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Am J Respir Crit Care Med. 2001 Aug 1;164(3):419-24.

Electrical activity of the diaphragm during pressure support ventilation in acute respiratory failure.

Author information

1
Hôpital Ste-Justine, Department of Pediatrics, Montreal, Quebec, Canada. jencbeck@hotmail.com

Abstract

We compared crural diaphragm electrical activity (EAdi) with transdiaphragmatic pressure (Pdi) during varying levels of pressure support ventilation (PS) in 13 intubated patients. With changing PS, we found no evidence for changes in neuromechanical coupling of the diaphragm. From lowest to highest PS (2 cm H(2)O +/- 4 to 20 cm H(2)O +/- 7), tidal volume increased from 430 ml +/- 180 to 527 ml +/- 180 (p < 0.001). The inspiratory volume calculated during the period when EAdi increased to its peak did not change from 276 +/- 147 to 277 +/- 162 ml, p = 0.976. Respiratory rate decreased from 23.9 (+/- 7) to 21.3 (+/- 7) breaths/min (p = 0.015). EAdi and Pdi decreased proportionally by adding PS (r = 0.84 and r = 0.90, for mean and peak values, respectively). Mean and peak EAdi decreased (p < 0.001) by 33 +/- 21% (mean +/- SD) and 37 +/- 23% with the addition of 10 cm H(2)O of PS, similar to the decrease in the mean and peak Pdi (p < 0.001) observed (34 +/- 36 and 35 +/- 23%). We also found that ventilator assist continued during the diaphragm deactivation period, a phenomenon that was further exaggerated at higher PS levels. We conclude that EAdi is a valid measurement of neural drive to the diaphragm in acute respiratory failure.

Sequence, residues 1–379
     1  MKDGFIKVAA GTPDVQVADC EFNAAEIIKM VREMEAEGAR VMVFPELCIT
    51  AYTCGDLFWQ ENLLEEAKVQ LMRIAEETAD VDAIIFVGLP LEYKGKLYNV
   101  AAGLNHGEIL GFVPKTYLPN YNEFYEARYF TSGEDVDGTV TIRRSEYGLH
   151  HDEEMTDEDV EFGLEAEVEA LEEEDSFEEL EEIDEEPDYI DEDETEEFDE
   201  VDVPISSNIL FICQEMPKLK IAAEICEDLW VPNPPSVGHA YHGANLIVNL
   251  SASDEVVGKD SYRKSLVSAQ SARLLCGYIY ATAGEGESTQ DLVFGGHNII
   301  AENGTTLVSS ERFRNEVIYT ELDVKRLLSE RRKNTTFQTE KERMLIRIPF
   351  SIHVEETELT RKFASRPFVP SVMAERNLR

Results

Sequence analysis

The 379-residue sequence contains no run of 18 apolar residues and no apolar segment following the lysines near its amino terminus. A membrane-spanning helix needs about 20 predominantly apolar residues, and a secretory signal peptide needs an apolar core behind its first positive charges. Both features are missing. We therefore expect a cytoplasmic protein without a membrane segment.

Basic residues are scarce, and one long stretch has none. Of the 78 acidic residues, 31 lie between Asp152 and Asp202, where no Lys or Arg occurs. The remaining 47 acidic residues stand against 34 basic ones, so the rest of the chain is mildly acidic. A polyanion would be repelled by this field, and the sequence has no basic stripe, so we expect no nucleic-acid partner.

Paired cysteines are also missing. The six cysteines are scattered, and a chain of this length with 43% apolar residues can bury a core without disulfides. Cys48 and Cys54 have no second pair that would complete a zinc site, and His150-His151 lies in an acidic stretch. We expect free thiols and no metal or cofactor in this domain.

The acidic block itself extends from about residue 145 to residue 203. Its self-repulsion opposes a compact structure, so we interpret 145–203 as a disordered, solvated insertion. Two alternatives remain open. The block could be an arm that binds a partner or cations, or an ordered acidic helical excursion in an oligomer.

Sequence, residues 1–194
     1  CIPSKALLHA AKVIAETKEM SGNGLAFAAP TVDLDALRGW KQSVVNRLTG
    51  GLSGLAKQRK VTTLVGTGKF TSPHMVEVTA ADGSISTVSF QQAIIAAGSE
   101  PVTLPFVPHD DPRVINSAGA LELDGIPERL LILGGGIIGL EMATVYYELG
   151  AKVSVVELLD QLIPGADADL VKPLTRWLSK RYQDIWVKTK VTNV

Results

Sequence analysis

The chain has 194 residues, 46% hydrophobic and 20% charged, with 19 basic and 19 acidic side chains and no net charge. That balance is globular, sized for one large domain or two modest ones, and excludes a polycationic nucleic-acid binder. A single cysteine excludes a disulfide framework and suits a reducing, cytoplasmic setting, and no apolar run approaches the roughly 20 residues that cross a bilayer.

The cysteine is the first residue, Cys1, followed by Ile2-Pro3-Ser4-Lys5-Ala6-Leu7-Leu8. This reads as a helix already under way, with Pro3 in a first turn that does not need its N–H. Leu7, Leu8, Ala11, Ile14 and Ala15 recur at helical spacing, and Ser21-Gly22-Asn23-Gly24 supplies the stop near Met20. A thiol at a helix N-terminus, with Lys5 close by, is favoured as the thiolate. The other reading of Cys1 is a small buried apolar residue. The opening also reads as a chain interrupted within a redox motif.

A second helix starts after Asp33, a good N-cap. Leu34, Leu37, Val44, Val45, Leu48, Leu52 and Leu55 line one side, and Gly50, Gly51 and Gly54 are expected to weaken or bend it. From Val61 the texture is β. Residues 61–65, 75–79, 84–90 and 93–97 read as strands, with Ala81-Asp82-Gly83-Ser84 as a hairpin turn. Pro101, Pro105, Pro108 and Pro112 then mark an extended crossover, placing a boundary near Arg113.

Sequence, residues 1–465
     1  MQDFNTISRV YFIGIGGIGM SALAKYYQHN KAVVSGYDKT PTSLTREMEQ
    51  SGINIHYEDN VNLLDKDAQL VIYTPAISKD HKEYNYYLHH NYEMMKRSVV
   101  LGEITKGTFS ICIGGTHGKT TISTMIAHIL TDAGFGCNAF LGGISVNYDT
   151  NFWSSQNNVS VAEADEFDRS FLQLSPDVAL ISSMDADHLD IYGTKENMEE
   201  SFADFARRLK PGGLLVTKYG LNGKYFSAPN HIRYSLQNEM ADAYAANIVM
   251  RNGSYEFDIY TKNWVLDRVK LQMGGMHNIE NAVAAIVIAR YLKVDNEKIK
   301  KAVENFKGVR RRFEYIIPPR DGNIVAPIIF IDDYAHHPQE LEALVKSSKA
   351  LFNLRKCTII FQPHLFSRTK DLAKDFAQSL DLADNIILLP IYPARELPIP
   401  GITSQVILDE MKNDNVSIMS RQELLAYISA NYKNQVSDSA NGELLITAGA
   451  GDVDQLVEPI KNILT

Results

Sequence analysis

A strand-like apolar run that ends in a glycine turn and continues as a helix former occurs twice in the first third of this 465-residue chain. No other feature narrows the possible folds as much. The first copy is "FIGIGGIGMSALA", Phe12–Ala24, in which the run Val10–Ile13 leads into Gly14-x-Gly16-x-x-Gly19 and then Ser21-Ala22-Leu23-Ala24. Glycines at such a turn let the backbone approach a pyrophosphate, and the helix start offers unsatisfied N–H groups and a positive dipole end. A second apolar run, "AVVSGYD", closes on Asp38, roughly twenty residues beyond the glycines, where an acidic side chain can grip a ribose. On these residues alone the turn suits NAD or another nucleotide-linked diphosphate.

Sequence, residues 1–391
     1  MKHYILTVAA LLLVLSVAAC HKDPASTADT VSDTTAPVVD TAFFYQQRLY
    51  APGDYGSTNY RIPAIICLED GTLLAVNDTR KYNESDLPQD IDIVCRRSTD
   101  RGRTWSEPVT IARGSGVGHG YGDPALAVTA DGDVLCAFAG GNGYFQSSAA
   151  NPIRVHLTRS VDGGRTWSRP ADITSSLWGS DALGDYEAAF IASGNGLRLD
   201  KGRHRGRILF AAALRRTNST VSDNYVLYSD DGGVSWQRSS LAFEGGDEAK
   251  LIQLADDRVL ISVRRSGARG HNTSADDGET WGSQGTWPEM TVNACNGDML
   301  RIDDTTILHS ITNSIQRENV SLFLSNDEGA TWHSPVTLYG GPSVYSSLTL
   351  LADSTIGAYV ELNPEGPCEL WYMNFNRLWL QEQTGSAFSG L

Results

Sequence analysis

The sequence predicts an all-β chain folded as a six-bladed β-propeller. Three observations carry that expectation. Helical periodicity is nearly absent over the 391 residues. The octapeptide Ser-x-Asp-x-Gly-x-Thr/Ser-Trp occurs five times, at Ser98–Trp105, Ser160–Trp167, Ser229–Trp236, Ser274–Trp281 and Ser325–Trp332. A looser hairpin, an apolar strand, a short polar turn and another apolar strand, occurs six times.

PMID:
11500343
DOI:
10.1164/ajrccm.164.3.2009018
[Indexed for MEDLINE]

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